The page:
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J Med Econ. 2019 Aug 10:1-6. doi: 10.1080/13696998.2019.1649268. [Epub ahead of print]

A quality-of-life mapping function developed from a grass pollen sublingual immunotherapy trial to a tree pollen sublingual immunotherapy trial.

Author information

1
a Avalon Health Economics , Morristown , NJ , USA.
2
b Health Economics, University of Glasgow , Glasgow , UK.
3
c Health Policy and Management, Texas A&M University School of Public Health , College Station , TX , USA.
4
d ALK, Global Market Access , Hørsholm , Denmark.

Abstract

Aims: Allergic rhinitis is caused by sensitivity to environmental allergens that can significantly impact quality-of-life. The objective of this analysis was to estimate health state utilities and quality-adjusted life days (QALDs) for a tree allergy immunotherapy trial, TT-04 (EudraCT No.2015-004821-15). Health-state utilities are a measure of patient preference for health states and are necessary to derive QALDs for cost-utility analysis. Preference-based utilities were not collected in the TT-04 trial, so a mapping algorithm was developed based on a similar grass allergy immunotherapy trial, GT-08 (EudraCT No. 2004-000083-27), to estimate utilities. Methods: A two-part model was developed to predict utilities for the GT-08 trial and applied to the TT-04 trial to estimate the difference in mean utility and QALDs between SQ tree sublingual immunotherapy (SLIT)-tablet and placebo. Results: Mean utility difference between SQ tree SLIT-tablet and placebo was 0.030 [95% CI = 0.015-0.046] during the birch pollen season (BPS), 0.019 [95% CI = 0.007-0.030] during the tree pollen season (TPS) and 0.018 [95% CI = 0.007-0.030] during the full trial. The treatment showed a QALD benefit of 1.26 [95% CI = 0.619-1.917] during the BPS, 1.90 [95% CI = 0.692-3.047] during the TPS, and 2.47 [95% CI = 0.930-4.101] during the full trial. Limitations: The generalizability of this algorithm is limited to allergy trials containing the same covariates as those present in the model. The analysis also assumes that grass and tree pollen allergy have the same relationship with EQ5D utilities, which is supported by the fact that both grass and tree pollen induce similar symptoms. Conclusions: Application of the mapping function enabled the calculation of QALDs associated with the treatment, with the caveat that data were extrapolated from grass seasonal allergy to tree seasonal allergy. The results showed a significant QALD benefit of the treatment over placebo in treatment of tree pollen-induced rhinoconjunctivitis.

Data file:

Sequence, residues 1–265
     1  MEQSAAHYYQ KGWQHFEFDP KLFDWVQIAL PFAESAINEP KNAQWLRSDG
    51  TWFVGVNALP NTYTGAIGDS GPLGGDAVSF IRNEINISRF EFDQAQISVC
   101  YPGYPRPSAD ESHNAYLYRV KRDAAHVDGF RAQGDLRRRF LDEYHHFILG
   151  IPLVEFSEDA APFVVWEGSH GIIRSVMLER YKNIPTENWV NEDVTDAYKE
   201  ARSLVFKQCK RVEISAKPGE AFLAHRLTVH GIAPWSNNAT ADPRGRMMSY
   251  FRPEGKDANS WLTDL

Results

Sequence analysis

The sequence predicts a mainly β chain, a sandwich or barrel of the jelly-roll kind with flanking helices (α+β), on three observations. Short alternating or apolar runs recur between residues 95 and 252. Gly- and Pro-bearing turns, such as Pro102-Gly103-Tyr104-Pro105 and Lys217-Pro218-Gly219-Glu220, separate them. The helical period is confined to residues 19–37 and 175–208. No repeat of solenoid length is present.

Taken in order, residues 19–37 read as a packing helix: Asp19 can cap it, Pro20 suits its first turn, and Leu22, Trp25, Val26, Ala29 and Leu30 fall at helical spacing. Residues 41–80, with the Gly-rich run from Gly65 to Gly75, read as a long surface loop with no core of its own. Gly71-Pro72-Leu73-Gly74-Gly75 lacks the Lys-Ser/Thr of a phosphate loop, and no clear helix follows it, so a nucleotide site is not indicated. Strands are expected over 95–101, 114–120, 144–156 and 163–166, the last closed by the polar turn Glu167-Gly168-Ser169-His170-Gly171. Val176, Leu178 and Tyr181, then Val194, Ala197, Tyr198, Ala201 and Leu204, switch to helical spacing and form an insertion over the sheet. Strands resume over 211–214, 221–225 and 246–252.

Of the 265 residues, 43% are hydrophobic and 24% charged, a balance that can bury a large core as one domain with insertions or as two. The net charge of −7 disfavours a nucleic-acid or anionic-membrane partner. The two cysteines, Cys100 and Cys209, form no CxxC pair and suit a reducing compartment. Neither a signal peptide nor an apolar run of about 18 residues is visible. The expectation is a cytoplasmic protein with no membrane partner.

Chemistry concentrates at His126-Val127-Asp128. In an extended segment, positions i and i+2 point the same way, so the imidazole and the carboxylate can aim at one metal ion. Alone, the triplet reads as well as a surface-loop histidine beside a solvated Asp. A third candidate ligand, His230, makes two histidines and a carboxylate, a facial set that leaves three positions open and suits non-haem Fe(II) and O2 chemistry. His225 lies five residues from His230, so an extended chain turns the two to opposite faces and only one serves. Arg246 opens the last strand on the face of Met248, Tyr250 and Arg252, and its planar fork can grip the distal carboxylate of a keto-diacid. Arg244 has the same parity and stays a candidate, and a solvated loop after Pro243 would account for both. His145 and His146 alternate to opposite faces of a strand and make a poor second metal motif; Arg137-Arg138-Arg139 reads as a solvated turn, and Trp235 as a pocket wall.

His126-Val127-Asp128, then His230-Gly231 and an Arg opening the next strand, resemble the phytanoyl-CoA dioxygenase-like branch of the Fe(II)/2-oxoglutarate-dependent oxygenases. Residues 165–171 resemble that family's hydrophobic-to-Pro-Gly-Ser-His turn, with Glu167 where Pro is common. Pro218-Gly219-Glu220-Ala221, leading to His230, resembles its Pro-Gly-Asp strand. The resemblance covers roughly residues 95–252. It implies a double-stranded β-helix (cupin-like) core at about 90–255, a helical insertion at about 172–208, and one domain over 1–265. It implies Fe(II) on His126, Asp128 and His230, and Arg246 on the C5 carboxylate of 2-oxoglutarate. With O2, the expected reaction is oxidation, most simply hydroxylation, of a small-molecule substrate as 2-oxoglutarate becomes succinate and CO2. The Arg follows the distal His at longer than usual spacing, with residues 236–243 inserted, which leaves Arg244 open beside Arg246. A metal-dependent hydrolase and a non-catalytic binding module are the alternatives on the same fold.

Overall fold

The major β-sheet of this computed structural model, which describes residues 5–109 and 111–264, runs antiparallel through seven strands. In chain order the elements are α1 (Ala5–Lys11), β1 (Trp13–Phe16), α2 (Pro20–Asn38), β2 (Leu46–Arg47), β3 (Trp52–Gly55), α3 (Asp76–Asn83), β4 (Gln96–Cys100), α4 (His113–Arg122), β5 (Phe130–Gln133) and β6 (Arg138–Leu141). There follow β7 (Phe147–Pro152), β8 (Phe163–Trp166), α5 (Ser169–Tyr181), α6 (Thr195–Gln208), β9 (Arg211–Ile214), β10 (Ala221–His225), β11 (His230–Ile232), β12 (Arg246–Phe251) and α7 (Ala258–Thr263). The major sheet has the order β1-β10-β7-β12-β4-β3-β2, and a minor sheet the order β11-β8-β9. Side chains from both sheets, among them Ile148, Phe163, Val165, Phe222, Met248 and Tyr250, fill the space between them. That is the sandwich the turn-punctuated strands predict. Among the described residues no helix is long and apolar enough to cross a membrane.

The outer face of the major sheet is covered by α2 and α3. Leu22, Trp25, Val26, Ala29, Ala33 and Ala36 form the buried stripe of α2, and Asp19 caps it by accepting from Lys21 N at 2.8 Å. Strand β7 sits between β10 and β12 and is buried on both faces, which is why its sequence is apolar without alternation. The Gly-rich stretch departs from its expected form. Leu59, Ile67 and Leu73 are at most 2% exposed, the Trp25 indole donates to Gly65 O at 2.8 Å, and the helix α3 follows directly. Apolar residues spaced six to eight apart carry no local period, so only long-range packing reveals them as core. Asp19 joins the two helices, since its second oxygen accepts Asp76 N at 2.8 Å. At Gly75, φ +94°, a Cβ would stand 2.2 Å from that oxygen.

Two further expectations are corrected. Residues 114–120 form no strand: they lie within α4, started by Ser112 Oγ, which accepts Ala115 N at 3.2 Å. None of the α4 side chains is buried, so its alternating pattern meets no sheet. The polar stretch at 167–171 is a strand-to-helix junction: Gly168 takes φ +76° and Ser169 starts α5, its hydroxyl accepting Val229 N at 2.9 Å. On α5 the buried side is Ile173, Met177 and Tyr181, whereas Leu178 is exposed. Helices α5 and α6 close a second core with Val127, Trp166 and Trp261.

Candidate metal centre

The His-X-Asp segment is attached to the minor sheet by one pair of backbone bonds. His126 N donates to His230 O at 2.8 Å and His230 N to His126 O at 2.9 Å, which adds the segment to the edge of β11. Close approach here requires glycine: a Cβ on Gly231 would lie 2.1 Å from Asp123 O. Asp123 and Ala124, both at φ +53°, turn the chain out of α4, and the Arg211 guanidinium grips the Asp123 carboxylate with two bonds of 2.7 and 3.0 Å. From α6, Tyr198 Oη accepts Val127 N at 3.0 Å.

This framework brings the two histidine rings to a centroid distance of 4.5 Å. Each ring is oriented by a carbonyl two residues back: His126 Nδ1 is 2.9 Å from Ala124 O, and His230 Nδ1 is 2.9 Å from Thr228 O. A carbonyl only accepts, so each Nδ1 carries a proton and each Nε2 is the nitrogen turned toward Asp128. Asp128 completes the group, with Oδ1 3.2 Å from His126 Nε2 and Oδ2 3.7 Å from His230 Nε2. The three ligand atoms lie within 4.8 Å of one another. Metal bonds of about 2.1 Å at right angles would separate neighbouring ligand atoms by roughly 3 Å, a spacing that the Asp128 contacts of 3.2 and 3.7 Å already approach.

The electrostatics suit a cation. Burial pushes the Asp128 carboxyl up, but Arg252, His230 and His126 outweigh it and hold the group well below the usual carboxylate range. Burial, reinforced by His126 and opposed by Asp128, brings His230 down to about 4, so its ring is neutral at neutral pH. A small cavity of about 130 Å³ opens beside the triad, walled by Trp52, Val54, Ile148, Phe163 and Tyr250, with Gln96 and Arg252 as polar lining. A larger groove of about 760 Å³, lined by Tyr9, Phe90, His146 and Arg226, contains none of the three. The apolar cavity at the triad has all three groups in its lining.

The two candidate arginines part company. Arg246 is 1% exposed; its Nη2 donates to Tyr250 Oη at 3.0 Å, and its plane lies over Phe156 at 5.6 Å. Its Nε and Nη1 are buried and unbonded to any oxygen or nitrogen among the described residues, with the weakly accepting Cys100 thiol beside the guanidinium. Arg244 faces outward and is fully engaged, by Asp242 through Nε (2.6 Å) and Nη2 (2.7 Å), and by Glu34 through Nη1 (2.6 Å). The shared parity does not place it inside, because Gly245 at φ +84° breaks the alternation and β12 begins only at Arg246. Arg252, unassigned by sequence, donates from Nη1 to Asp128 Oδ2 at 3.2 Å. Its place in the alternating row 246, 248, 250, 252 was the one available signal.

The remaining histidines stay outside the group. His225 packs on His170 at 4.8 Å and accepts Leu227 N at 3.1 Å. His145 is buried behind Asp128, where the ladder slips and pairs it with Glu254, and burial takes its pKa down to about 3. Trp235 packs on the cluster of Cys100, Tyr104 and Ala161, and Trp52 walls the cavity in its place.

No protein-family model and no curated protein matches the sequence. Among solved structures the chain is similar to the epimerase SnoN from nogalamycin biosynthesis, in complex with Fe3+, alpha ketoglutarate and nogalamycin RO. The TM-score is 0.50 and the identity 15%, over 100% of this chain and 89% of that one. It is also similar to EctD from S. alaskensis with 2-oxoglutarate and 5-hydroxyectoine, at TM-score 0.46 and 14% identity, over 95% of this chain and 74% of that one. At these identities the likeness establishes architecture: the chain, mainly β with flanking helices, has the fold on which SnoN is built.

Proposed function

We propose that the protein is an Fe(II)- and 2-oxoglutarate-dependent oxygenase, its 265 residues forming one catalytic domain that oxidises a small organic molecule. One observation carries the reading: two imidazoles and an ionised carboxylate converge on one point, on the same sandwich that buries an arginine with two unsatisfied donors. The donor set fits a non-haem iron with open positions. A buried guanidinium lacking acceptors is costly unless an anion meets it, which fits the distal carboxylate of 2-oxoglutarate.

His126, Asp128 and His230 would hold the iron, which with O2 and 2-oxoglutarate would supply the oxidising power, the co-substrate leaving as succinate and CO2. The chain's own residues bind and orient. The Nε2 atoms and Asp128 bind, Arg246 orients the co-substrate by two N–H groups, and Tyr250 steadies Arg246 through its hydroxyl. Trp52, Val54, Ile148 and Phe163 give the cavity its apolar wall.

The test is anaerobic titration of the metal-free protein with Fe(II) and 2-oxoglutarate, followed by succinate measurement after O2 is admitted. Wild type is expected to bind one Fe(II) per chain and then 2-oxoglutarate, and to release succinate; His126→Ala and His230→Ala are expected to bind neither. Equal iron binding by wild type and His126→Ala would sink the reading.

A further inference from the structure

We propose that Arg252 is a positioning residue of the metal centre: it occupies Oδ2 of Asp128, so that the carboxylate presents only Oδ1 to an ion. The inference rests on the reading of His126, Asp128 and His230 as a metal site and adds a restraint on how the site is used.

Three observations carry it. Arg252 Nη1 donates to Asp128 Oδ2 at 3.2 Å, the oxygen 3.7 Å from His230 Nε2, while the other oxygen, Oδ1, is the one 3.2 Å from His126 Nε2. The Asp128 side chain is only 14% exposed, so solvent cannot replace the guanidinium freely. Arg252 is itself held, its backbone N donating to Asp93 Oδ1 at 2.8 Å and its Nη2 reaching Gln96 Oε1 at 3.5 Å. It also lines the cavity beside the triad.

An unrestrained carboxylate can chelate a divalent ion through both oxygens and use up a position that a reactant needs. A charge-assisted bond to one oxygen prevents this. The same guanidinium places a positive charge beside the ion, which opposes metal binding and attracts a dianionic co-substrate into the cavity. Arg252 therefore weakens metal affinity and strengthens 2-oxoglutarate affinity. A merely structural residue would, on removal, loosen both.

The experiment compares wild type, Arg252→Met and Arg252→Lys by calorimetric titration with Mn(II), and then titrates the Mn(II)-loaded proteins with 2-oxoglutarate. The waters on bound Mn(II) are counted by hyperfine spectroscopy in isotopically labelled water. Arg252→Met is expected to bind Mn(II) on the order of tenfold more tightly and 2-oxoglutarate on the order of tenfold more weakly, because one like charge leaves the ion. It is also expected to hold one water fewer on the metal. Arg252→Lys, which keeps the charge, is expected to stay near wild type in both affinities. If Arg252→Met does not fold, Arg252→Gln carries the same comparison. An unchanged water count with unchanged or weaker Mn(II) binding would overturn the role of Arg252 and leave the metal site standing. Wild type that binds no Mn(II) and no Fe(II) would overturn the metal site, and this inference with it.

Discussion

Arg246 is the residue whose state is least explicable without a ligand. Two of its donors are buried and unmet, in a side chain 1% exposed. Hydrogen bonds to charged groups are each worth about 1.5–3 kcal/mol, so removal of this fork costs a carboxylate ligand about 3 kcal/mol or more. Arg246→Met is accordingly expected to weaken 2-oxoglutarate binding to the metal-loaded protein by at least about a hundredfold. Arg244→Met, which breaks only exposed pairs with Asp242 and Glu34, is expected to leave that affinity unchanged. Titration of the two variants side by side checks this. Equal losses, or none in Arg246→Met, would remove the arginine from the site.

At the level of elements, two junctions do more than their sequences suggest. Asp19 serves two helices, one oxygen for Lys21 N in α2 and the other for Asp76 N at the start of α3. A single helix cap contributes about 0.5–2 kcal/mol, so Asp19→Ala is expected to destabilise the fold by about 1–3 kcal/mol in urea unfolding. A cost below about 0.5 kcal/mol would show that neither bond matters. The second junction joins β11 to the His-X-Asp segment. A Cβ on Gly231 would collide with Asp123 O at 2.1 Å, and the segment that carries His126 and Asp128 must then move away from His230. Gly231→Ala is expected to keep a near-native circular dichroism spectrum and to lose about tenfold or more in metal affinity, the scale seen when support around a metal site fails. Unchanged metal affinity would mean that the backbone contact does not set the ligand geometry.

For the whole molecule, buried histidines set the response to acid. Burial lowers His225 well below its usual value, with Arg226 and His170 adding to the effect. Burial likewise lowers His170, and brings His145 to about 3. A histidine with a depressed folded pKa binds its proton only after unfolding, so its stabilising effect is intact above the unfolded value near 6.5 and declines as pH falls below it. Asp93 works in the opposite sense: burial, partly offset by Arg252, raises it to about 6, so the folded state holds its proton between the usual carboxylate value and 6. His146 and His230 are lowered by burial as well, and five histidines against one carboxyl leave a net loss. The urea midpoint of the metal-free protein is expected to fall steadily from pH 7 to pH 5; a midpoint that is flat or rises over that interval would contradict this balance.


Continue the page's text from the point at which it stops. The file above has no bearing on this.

KEYWORDS:

Allergy immunotherapy; EQ5D; I10; I15; QALYs; allergic rhinitis; utility mapping

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